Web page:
Wednesday, 25 February 2009

Fail Whale

Does anyone else think the twitter fail whale is a hat-tip to Douglas Adams & HG2G?

people are worth it

I remember hearing someone say "the price you are willing to pay for something indicates how much you value the person who made it".  Ouch.  I think it was Rob Bell.

Watching this video from TED 2002 made me think a lot about how much we value people - what we think about those on the margins.  What Bill Strickland achieved up to that point was pretty awe-inspiring.

A great line: "you must be prepared to act on your dreams, just in case they do come true".  A tremendous story of how treating people with respect makes a real impact.  It's also a great story of how music can be such a vital part of living.  Some great sounds from Herbie Hancock too.

There's a ton of content on his website, but enjoy the inspiration here and reflect on hope.  I thank God for people of hope, for those who don't give up in the face of adversity - and for the hope I have, a that doesn't disappoint.

Tuesday, 24 February 2009

Visualisation - Crisis of Credit

Thanks to Citywire, I came across this great piece of visualisation today.  I'm not talking about the visualisation of seeing yourself winning a race or how to achieve success at work, but the kind that tells a story in a simple way.

This is complex topic, but I think I learned more about this topic from these few minutes of (well executed) video that I have from all the news reports I've read/seen/heard.

What you you think?

Sunday, 22 February 2009

Share the Joy

Today, Mrs theWeir and I took babyB to get her first pair of shoes.  She's a few weeks away from her first birthday, which will be great to celebrating.  After leaving the shop with the shoes on her feet, we spent a bit of time walking as a family - babyB holding us both by the hand and walking along in her first pair of shoes.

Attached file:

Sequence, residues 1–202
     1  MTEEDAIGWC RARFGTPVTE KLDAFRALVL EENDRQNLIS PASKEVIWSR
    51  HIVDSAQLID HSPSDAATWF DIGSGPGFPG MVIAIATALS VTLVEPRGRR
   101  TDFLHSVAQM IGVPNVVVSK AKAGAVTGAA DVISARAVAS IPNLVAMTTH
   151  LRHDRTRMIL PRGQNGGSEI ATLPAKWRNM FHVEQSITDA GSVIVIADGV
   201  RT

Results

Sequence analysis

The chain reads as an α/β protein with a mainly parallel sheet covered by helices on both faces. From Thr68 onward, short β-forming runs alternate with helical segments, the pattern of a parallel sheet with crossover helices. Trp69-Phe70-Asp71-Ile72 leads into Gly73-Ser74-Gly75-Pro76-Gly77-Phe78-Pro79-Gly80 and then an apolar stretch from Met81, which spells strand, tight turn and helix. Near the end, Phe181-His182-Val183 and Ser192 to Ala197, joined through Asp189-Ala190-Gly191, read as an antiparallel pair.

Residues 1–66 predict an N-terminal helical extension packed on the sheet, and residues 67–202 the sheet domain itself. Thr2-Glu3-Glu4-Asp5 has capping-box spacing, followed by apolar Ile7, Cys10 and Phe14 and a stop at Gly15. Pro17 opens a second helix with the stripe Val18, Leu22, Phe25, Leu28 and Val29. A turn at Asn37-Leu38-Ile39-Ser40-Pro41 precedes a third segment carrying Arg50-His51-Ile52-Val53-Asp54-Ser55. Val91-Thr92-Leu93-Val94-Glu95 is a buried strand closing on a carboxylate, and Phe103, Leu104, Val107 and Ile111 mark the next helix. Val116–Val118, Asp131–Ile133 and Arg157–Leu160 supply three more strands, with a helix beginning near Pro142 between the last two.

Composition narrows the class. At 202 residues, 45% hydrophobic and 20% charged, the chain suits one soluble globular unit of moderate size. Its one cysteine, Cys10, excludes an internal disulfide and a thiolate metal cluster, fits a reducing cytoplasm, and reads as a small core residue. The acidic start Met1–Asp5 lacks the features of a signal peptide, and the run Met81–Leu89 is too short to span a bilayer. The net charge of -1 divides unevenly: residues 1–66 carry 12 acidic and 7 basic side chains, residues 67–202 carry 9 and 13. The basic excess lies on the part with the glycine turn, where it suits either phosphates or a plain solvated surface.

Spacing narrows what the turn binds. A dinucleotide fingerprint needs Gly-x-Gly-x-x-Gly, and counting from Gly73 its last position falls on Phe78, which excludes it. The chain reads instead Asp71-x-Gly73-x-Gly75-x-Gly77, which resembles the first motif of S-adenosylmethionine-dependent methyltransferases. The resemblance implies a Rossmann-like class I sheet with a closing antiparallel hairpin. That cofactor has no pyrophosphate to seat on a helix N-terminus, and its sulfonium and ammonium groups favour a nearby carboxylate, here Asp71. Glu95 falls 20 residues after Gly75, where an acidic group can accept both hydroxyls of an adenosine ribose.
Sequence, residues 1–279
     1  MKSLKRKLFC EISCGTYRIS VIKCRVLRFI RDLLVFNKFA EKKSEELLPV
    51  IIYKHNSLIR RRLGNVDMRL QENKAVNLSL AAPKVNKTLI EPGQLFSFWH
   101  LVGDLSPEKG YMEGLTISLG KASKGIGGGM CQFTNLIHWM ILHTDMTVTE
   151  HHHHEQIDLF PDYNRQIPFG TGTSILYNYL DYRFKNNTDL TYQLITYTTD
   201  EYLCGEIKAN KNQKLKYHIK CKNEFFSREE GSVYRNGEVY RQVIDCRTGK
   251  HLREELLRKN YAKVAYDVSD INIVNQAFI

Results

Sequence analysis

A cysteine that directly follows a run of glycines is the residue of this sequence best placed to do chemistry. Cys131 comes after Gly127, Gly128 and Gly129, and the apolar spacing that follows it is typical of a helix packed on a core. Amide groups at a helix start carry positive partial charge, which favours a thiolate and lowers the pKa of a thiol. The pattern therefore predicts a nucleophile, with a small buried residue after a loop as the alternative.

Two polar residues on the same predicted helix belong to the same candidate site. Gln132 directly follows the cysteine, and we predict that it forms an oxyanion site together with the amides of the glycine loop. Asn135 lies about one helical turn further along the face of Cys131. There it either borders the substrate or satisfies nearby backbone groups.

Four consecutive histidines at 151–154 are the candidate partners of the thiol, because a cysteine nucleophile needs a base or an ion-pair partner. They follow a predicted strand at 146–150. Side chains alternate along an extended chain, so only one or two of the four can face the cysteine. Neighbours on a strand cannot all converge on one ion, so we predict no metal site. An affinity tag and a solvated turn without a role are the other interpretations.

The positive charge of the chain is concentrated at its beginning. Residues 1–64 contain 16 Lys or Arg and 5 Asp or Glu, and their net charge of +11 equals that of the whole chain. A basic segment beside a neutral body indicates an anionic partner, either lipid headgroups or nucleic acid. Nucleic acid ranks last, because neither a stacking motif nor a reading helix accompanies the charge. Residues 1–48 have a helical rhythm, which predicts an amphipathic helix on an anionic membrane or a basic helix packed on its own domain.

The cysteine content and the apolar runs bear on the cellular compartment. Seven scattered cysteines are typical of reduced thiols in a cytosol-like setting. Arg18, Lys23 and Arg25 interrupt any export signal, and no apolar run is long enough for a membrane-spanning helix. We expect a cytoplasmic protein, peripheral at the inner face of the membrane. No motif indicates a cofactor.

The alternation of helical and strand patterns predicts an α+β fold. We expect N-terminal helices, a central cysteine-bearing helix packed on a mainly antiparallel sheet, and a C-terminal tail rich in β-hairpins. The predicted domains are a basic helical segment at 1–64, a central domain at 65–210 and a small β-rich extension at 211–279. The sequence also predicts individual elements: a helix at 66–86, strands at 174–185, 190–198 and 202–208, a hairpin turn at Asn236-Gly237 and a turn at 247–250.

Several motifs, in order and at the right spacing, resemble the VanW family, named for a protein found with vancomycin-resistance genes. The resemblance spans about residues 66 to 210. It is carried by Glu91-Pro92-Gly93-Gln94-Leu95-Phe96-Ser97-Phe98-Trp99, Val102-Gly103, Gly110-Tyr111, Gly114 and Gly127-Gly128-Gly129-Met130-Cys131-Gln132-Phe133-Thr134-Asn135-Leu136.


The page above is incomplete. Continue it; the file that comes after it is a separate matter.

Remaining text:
What a joy!  It was great to have this moment together, to walk at a slow pace and simply enjoy being together.  A real moment of peace and joy in my heart.  I thanked God for those steps we took together.

So, it got me thinking.  Life is full of challenges, of highs and lows.  Everyday, there must be something that happens which also brings me joy.  So, why not share them?  With the micro-sharing tool of twitter, I can share the joy with you.  But the discipline will help me savour more moments of life.  And that can only be a good thing.

I'll be trying to do this everyday, and use the hash-tag #sharethejoy - if you are on twitter, why don't you join me and share the joy.

Let me know what you think - leave a comment or DM me on twitter.

Grace & Peace,


Saturday, 21 February 2009

"stop trying to hit me, and hit me"

One of the many memorable moments in The Matrix was where Morpheus says those words to Neo. It always felt to me like he was really saying was "stop thinking about and just do it".

As I listen to people's stories to help me get better at telling stories, I find a lot of layers, lots of complexity and plenty of intrigue. I guess that's life.

But why do we like the intricacy? What is it about the analysis of something that can lead to such in-activity? Many of us have categorised a film as no good because the story wasn't interesting enough. But why? Are we so cerebral in our culture that we NEED complexity. We almost crave it. I know I enjoy the challenge of re-arraning the complex into something I can follow.  But that's not to say that complex isn't right either.

Listening to the Passion Podcast yesterday and the Something Beautiful podcast this morning there were two strong examples of the simplicity of what Jesus seems to call the Church to be. To Love God and Love people. No matter the cost. Be it our time, money and even our intellect.

Spending time with a child exposes how complex we have made things. BabyB will play with simple things, enjoy the simplest of books or at times, just be held - and that's enough. Am I that siimple in my living of life for the Kingdom of God?

NOTE: I am not advocating that we disengage our thinking. We are made this way for a reason. However, let's revel in the childlike, simple faith that walks thru life hand-in-hand with the God who makes Himself known. Let's live in the tension between understanding and faith.

God, let me live my love out loud today.

Monday, 16 February 2009

G1 - User Review

It seems a large number of people love the iPhone 3G. I can understand that. I think it's pretty amazing too, and the impact of the iTunes App Store has been quite incredible.

However, even though I'm a card carrying Mac user at work and home, last year the cost of having an iPhone really put me off. Then up stepped the G1.

First things first, the G1 it's simply not as pretty as the iPhone. Few devices in this market are or will be. However, since getting the T-Mobile G1 in early December, I've not regretted it one bit.